Guns And Ammo: The ODDBALL Issue – AR-15

Guns and Ammo AR-15 Oddball issue
(2024 ISSUE No. 2). Unsung 2A Hero. Guns and Ammo, Issue #2, 133-135.


CALIFORNIA HAS A WELL-EARNED REPUTATION FOR having the most restrictive firearms laws in the country. Thanks to innovation and people willing to challenge the laws, we have some wiggle room. One of the companies that helped usher in an AR boom was LAN World.

LAN World is an eclectic company that converts free-state ARs into California-compliant ARs and restores and imports rare World War II military vehicles. The Salt Lake City, Utah, company was founded in 2003 by Chris Bieling. He started the business with the intent of building an internet cafe where adults could stream online games. To fund his business, he turned to his childhood passion for World War II and restored jeeps to their period correct appearance. Since WWII aficionados also tend to be firearms enthusiasts, it wasn’t long before he was asked if he offered period correct firearms like the M1 Garand. Not wanting to turn down a financial opportunity, he soon obtained a FFL.

A year later, Bieling was asked if he could California off-list AR lower receivers. His research showed that they were legal to purchase, but gun dealers and AR manufacturers were leery of navigating California’s ever-changing firearm laws. To understand the wall he faced, we must look at California’s Robert-Roos Assault Weapons Control Act of 1989 (ACWA). The ACWA contained three categories that would deem a semiautomatic rifle an “assault weapon.”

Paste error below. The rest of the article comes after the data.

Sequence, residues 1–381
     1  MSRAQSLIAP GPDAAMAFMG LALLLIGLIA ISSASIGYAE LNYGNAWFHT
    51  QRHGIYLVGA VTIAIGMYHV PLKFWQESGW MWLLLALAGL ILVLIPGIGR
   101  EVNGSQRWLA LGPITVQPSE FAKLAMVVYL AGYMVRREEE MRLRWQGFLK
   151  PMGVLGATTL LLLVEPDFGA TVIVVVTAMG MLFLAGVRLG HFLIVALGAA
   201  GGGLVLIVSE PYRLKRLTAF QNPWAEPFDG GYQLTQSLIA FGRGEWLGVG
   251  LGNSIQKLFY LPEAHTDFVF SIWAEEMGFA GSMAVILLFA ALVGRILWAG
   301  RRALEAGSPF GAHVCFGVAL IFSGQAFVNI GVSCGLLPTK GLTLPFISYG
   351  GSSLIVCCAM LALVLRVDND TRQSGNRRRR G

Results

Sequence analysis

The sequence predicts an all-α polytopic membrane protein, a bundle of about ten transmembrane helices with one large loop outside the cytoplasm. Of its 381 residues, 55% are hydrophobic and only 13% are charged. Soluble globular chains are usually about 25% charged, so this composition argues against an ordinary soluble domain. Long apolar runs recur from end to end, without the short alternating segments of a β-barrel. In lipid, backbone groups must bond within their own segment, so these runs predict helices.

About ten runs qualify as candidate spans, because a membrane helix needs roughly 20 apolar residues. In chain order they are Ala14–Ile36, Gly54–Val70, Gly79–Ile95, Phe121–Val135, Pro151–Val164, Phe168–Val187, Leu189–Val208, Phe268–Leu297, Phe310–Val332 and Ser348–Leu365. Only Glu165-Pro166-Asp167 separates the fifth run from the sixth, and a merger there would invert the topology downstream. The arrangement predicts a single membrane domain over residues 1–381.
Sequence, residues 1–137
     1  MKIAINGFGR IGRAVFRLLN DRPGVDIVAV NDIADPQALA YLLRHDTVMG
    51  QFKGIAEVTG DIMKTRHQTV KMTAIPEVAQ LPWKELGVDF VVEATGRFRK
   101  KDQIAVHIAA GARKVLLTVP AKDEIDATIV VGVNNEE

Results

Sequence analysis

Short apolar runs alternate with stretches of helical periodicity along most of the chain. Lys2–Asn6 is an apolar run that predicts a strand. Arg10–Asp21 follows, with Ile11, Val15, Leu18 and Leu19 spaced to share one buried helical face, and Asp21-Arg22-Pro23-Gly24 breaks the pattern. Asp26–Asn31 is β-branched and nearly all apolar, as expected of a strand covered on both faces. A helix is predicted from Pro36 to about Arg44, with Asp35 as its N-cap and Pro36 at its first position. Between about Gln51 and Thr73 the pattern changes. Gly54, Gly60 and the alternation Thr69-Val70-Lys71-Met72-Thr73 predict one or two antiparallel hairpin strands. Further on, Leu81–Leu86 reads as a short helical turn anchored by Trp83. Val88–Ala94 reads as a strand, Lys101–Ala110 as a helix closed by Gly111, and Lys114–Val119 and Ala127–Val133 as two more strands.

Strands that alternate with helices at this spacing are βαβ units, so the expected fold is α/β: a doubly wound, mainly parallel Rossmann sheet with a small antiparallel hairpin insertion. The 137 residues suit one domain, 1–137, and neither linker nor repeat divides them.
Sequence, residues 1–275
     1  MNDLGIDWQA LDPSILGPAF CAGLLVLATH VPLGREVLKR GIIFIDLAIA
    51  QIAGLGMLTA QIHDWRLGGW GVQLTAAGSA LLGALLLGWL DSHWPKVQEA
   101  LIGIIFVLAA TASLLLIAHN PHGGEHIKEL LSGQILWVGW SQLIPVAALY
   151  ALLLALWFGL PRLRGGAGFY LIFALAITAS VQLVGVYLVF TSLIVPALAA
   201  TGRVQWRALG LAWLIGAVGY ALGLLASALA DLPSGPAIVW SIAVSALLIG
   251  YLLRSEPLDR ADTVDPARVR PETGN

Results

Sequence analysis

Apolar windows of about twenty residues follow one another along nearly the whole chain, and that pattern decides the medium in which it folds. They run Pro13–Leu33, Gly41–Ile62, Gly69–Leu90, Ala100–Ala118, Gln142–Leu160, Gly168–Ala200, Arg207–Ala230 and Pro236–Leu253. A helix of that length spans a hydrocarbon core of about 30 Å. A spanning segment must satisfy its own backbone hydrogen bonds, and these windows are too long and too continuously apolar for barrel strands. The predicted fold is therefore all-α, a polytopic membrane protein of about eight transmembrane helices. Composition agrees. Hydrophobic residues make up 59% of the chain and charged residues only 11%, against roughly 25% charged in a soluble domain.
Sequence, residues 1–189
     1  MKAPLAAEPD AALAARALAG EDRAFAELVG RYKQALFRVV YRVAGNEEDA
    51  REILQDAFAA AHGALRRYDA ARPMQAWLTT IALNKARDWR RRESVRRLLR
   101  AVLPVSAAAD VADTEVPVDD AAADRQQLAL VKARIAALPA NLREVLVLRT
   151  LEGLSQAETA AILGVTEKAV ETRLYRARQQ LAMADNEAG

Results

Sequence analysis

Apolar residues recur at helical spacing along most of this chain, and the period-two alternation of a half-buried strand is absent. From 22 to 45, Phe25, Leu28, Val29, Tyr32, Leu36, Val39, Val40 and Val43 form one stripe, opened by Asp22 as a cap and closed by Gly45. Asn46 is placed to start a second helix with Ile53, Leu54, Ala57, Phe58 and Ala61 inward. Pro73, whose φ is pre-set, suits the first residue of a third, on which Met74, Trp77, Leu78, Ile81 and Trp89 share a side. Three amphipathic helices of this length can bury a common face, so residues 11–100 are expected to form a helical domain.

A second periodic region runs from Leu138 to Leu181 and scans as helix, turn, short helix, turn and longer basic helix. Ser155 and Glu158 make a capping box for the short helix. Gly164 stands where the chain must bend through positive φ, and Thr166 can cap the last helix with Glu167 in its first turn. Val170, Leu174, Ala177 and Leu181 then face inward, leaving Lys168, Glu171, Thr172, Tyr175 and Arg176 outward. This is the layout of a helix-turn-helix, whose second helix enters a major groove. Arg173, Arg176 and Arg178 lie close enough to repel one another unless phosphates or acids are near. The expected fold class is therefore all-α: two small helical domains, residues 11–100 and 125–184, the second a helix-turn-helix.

Category I was a list of over50 specific firearms by type, make, and model. Category II cast a wider net and included AR-15and AK series of firearms. Category III provided characteristics such as a telescoping stock or flash hider that would make it an “assault weapon.”

Category II caused confusion among gun owners and law enforcement. It was too general and could be used to encompass any AR or AK, not only those listed in Category I. This subdivision of the law was challenged in the 1996 Harrott v. County of Kings case. The plaintiff, J.W. Harrot, insisted the AK he received as payment was not an AK series and hence not an assault weapon. County of Kings Sheriff’s Department, who withheld teak from Harrott, said it met the series statute and refused to release it to him. The justices had any concerns with Category II, including that it would be difficult for a person of reasonable intelligence to determine what is prohibited and what is not. In 2001, the Supreme Court ruled that in order for Category II to be met, it must be named by make and model in the Category I list. The ruling opened the door for ARs, including lower receivers, to be sold in California if the make and model were not on the Category I list (called off-list) and did not meet Category III. Soon after, gun shops were swamped with orders of off-list lowers and firearms.

CQR rifle parts
LAN World works to create parts that make free-state ARs compliant in states where they’d be otherwise restricted.
AR 15 Rifle part
LAN World works to create parts that make free-state ARs compliant in states where they’d be otherwise restricted.
Hera Arms Rifle thumbhole california legal with a plate replacement
Working with HERA Industries, Bieling recommended they modify their thumbhole stock with a plate in order to make it California legal.